Though he has the utmost respect for his upcoming opponent, the confident, unbeaten lightweight won’t let anything stand in his way, not even a fighter he’s looked up to his entire career.
“I’m in this sport simply to test myself. If I would have went back 10 years ago to when I was 15 years old and said this is what’s going to happen, I would not believe it. I’m out to prove myself wrong, to prove a lot of other people wrong, and to compete.
“A fight with Jorge is an amazing step up. For me, this is what this sport is all about. Just talking about it right now I’m getting goose bumps. I want to see where I’m at as a fighter, and I’m going to feel a lot more satisfied when I get a win over Jorge than I would have getting a win over Reza, that’s for sure.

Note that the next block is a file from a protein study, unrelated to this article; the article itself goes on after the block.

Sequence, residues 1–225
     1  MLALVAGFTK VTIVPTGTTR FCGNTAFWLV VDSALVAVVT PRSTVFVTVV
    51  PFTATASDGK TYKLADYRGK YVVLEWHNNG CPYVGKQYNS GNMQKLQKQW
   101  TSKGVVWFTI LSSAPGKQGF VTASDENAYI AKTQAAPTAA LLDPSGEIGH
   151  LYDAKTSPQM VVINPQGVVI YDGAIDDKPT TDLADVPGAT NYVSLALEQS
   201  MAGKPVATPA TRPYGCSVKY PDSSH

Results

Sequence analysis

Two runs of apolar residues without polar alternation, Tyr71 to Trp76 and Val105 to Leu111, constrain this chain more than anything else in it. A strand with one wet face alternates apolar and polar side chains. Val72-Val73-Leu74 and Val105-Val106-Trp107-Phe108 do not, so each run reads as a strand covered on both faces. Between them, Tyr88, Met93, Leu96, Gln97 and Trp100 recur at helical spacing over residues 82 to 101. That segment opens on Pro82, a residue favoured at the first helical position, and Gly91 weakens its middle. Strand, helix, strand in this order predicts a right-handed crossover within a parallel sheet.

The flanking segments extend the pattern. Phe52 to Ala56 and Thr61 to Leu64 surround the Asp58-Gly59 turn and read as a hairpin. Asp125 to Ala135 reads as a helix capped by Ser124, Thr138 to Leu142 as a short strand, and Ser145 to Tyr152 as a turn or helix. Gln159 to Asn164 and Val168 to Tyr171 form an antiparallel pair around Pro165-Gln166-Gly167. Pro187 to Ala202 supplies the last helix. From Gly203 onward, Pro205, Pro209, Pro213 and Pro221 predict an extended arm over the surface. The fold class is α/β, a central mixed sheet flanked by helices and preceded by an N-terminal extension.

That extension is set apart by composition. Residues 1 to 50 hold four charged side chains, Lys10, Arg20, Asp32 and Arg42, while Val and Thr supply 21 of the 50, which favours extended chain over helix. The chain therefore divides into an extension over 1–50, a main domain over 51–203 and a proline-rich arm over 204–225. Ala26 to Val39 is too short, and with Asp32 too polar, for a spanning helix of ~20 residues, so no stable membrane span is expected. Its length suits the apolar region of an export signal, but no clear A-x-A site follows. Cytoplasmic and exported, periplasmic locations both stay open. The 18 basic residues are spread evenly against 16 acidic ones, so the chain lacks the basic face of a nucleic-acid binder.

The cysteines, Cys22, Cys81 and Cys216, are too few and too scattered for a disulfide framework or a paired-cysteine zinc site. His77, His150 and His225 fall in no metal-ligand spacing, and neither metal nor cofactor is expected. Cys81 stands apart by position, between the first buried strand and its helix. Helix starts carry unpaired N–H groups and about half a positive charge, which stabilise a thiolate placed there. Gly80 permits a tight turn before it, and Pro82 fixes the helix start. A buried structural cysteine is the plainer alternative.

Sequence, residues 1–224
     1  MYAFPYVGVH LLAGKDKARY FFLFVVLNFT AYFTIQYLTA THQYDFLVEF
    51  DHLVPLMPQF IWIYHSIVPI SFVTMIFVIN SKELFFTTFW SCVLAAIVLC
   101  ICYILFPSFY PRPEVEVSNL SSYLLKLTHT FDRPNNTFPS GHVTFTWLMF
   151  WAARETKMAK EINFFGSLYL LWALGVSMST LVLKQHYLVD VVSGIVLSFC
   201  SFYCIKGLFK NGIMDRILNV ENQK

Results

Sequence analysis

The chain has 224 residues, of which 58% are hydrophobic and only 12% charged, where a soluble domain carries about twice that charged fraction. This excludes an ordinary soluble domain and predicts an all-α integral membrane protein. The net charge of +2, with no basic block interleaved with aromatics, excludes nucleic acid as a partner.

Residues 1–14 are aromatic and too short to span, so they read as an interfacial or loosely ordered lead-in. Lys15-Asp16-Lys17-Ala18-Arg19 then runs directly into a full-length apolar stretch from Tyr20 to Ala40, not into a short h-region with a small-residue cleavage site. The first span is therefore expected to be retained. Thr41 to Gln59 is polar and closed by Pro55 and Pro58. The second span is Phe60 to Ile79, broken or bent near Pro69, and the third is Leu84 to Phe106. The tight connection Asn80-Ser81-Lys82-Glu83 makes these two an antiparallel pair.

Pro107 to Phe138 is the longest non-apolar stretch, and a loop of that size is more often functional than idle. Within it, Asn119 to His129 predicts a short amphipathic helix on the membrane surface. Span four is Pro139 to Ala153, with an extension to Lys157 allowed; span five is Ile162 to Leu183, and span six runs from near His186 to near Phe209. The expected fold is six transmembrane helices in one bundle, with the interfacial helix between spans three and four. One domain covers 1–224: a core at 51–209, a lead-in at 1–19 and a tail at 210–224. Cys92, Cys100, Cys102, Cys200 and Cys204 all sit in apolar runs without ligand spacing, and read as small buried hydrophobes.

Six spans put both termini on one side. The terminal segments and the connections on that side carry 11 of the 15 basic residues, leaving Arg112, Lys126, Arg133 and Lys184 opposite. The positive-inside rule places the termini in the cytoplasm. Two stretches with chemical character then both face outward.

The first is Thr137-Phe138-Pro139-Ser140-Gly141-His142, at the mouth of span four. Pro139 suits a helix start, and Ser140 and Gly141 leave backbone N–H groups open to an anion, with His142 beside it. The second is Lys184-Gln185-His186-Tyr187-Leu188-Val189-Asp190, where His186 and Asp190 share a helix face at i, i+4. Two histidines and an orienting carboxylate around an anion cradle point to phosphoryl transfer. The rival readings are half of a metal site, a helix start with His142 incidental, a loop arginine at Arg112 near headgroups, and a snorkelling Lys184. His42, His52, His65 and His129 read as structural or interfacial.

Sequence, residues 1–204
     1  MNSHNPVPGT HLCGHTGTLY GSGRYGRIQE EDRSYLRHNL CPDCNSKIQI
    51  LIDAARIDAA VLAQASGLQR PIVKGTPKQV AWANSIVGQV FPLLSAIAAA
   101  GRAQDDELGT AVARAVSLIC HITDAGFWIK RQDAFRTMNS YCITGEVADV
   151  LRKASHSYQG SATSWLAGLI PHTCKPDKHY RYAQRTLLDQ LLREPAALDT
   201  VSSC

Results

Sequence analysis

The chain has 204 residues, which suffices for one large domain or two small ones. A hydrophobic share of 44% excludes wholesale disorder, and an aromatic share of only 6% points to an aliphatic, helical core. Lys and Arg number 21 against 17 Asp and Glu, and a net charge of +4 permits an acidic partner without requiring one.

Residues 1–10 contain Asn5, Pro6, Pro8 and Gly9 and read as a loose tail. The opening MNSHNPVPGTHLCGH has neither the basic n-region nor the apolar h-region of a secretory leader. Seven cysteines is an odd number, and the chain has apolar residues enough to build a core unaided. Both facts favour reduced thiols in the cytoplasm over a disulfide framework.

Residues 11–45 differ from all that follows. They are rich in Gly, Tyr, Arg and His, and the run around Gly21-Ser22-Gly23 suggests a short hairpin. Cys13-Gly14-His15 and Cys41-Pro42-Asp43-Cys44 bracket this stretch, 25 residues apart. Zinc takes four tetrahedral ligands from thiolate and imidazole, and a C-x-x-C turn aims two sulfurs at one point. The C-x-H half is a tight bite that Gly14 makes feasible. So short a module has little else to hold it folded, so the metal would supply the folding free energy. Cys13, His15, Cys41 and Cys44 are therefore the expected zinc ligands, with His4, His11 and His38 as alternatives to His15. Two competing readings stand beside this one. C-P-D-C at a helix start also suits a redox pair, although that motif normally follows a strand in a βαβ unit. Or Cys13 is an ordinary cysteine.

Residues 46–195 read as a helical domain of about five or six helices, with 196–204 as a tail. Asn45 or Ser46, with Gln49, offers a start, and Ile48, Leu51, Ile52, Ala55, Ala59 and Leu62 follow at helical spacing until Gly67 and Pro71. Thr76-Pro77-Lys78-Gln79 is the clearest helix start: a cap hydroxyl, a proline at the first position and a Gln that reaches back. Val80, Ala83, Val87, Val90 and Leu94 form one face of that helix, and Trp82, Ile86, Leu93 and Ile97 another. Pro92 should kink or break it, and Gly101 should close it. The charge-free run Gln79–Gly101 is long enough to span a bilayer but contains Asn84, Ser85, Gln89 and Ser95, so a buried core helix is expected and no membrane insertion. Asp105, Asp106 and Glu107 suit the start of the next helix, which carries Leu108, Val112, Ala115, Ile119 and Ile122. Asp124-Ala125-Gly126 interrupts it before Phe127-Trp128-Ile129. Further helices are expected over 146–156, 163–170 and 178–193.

“But come July 27th, it doesn’t matter who I’m fighting – you’re standing between me and my ultimate goal. I want to be a world champion. I dream about holding a title. I dream about knowing one day that I’m the best in the world. That’s what I’m striving for, so it doesn’t matter who I’m fighting, I’m going to bring it to you in the same way, and I’m going to find a way to win.”
Michael Chiesa: Pacific Northwest Perfection
By E. Spencer Kyte July 18, 2013
"This is a tough fight, a huge stage, but there is no reason to stray away from my roots on this one. I want to treat this fight in Seattle just like I used to treat all my other fights in Seattle." - Michael Chiesa